Her debilitating vertigo has returned. Although she has visited the Balance Institute twice to relieve the dizziness, it isn’t working as well this time.
I arrive in town to take her to her next appointment. Stupidly, I take her out to lunch first.
As they are trying to go through the maneuvers to shift the inner ear crystals, mom throws up. She had never done that before. When they tried again, it happened again. They recommended that she take an anti-nausea pill before her next visit and not to eat before it.
She continued to not feel well. She didn’t want to keep our plan of going out for dinner and just wanted to go to bed early. I got her settled and left. My husband and I were staying at his sister’s home.
At 10:00 that night, she called me. She was feeling dizzy and nauseous and helpless. She didn’t want to get up to use the bathroom.
“I’m coming, mom.”
Seeing her lying sort of half on and half off the bed brought tears to my eyes. I got her up, she used the restroom and I propped up more pillows so she could sit up more easily. They encourage this for the dizziness. I added a plastic grocery bag to the waste basket as an emergency nausea bucket and used a bag of peas on the back of her neck. I only knew to do this because I had watched them do it that day with an icepack. Mom’s refrigerator does not make ice and she no longer bothers with ice trays.
I placed her cell phone on the left side of the bed with the charger on. She is unable to turn to reach the landline on the right side without the dizziness returning.
As all of this was happening, she just kept saying “If it’s going to be like this, I don’t know, I don’t know, I don’t know.”
I stay for a while, and then tell her to call if she needs anything in the night.
The next morning I arrive and notice that her newspaper is still outside. This alarms me. She’s usually up by 7:00 a.m. It was 9:30. I enter her condo tentatively saying “mom…mom?”
On one hand, I know she is fine. But when parents reach a certain age, you can’t help but have that horrifying thought of the alternative creep into your head. I geared myself before going into her bedroom. I was very nervous.
“Mom?” I spoke softly as I pushed opened the door. “Are you awake?”
She was facing me. Her eyes were closed. I immediately looked for body movement. She was breathing.
I exhaled. I tiptoed out and texted my husband Dennis that she was still asleep.
“Well, did you try and wake her? You should try that, you want to make sure she is able to wake up and not in a coma or something.”
“Sh*t” I say out loud. I hadn’t thought of that.
I return to the room and partially opened the blinds. I stand parallel to her shins out of the covers and touched her leg gently.
“Mom? Mom?” Nothing.
I repeat my actions and speak up. It dawned on me that she didn’t have her hearing aids in. I get bolder with rubbing her leg.
One eye suddenly pops open.
“What are you doing here?” she asks.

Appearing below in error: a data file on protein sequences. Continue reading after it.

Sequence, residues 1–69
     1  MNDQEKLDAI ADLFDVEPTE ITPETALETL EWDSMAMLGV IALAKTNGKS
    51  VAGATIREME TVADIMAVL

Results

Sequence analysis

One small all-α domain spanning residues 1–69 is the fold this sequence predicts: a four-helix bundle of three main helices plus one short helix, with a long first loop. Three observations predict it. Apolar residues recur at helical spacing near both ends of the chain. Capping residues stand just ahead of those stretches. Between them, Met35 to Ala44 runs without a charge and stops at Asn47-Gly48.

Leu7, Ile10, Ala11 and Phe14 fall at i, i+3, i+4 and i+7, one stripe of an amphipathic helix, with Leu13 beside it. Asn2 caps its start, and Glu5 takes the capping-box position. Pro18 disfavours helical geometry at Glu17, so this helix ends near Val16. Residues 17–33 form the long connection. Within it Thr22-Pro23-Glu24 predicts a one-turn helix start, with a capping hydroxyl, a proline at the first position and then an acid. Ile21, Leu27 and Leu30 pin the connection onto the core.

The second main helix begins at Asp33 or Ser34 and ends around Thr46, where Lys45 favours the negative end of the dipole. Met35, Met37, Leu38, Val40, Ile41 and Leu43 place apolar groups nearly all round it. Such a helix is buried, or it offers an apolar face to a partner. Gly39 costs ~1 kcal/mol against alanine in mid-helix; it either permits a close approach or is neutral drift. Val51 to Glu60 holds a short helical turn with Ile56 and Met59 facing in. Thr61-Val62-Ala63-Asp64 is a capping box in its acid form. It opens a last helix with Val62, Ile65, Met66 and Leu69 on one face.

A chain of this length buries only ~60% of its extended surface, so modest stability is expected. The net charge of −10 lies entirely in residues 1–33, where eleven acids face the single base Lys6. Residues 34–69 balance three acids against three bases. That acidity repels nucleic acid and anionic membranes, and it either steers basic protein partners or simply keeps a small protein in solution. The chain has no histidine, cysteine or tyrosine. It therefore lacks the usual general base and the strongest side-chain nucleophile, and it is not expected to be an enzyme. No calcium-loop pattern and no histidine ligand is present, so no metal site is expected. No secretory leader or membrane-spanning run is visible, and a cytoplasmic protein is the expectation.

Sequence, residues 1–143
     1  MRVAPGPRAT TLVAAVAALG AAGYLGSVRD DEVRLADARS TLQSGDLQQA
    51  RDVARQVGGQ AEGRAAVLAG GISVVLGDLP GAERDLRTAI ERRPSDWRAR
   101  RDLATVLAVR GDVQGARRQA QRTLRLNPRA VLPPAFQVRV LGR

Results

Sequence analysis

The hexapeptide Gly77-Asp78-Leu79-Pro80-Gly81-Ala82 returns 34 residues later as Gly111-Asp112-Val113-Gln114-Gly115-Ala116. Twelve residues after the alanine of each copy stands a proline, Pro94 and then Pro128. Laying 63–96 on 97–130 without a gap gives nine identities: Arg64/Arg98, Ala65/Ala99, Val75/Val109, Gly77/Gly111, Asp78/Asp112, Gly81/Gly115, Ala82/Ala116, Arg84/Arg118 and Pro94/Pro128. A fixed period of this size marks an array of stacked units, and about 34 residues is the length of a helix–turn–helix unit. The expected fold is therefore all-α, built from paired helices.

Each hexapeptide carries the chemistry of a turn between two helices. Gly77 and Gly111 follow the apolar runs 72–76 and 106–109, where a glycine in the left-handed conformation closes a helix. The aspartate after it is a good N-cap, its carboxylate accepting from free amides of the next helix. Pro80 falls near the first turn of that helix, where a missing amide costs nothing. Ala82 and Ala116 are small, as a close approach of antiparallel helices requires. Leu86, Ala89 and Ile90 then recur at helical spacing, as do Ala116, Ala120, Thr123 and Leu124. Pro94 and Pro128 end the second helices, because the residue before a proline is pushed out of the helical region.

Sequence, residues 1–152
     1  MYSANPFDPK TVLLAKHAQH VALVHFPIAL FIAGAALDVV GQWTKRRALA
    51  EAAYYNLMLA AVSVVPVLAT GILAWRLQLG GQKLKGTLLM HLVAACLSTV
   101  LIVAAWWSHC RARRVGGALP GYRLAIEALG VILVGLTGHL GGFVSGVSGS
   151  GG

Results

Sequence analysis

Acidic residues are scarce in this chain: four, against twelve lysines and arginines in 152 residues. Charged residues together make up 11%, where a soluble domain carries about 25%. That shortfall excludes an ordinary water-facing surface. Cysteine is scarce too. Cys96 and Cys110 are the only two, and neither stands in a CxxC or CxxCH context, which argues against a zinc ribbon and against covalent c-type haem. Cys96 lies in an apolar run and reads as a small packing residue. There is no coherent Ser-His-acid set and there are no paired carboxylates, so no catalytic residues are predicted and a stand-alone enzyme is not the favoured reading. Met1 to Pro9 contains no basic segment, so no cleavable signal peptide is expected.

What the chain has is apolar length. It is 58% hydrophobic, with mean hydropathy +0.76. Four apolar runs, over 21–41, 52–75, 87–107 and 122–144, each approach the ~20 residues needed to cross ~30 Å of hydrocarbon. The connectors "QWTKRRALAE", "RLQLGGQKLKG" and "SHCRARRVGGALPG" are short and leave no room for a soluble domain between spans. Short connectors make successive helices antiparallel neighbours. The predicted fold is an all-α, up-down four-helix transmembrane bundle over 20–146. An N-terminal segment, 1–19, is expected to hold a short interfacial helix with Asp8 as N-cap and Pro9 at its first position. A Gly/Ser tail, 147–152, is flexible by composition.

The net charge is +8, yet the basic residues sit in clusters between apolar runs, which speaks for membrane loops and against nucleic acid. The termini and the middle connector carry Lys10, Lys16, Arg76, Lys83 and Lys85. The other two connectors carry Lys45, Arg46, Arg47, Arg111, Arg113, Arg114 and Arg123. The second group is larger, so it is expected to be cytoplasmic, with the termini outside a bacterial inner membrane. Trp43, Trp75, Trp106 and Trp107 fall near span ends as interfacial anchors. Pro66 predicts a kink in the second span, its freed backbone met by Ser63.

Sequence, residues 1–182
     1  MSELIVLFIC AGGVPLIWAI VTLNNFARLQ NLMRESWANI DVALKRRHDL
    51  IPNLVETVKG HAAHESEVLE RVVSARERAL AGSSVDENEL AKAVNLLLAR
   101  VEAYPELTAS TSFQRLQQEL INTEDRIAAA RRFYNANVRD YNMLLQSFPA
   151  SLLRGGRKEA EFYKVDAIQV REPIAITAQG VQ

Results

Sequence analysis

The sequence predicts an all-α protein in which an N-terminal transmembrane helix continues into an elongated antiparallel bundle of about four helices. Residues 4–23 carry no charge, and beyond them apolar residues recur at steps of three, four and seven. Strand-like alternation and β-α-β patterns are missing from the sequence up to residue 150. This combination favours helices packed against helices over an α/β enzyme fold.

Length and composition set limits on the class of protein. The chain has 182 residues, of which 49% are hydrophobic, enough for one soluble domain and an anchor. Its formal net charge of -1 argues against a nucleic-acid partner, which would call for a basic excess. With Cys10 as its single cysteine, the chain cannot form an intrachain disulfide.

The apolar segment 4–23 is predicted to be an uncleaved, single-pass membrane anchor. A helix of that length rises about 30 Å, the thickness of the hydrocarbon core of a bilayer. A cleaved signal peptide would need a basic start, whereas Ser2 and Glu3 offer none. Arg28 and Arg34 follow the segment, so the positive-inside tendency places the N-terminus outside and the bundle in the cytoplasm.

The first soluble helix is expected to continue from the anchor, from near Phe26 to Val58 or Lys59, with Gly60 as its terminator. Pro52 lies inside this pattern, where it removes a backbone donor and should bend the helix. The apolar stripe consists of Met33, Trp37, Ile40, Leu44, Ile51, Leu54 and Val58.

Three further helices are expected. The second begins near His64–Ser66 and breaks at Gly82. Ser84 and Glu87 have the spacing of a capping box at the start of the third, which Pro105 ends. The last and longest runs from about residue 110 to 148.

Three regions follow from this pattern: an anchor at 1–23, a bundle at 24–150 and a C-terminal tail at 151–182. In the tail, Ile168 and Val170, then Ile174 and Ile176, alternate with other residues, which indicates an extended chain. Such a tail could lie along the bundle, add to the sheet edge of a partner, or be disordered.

A Brief Introduction
The idea for writing these experiences down first came to me in the shower, probably because I was thinking about my then 87-year-old mother. She is now almost 89.
Ever since I moved to Florida three and a half years ago, I have been facing a steady headwind of craziness when dealing with my mother. Some of it is completely a result of her age. For instance, last year, she was insistent she was days away from winning The Publisher’s Clearinghouse Sweepstakes and wanted to work Christmas Eve around that, and then there was the time when the Medical Alert bracelet people contacted my sister asking why our mother kept hitting the button (she wasn’t aware that she was.)
It’s undeniable that the challenges of having an aging parent are constant. There is no way to know what each day may bring. And somewhere down the line, there’s a good chance that they will begin to resist and resent your help as they fiercely hold onto their independence. Mom once grabbed a form I was filling out for her for the pharmacy and said “look who’s in charge now!” and put it in her purse.
Tongues can sharpen on both sides and sometimes adult children must dig as deep as they ever have for the patience it requires. Our parents’ point-of-view is that they have been taking care of themselves for 60+ years. They don’t need our help. But their minds and bodies are not like they were even 10 years ago, and they do. This is the ground that needs navigating. And there’s no other way forward except through it.
And to do that honestly, for me, there needs to be another piece to the story; my own relationship with my mother. The truth is my mother has been a challenge to my sister and I long before she reached her 80’s. Her approach to motherhood shaped and frustrated us. It left emotional walls a mile high.
But as I face her elderly status and decline, I try really hard to scale those walls and not dwell on the oddities that define her. I’ve learned to let it go. The goal is to live without regret when she passes. I want to know that I did absolutely everything for her. Otherwise, I would carry guilt with me for the rest of my life. And that’s the very last thing I want to take with me.
I compiled a lot of stories over time and realized that a blog could be a great way to share them. The intent is to be candid with everything: the government hoops, the medical issues, the irrational behavior, the physical changes, the financial stuff, the detective work, and the humor too.
I’ll post what is already written and continue right into “real-time.” If there is interest, I’ll see if guest writers want to share what they have seen or learned. I know I am just one story in thousands.
In some cases, I have decided to change names including my mom’s. She has never understood “that internet” so it’s just easier to use another name. Otherwise, all experiences and conversations are true.
Next: Family History Cliff Notes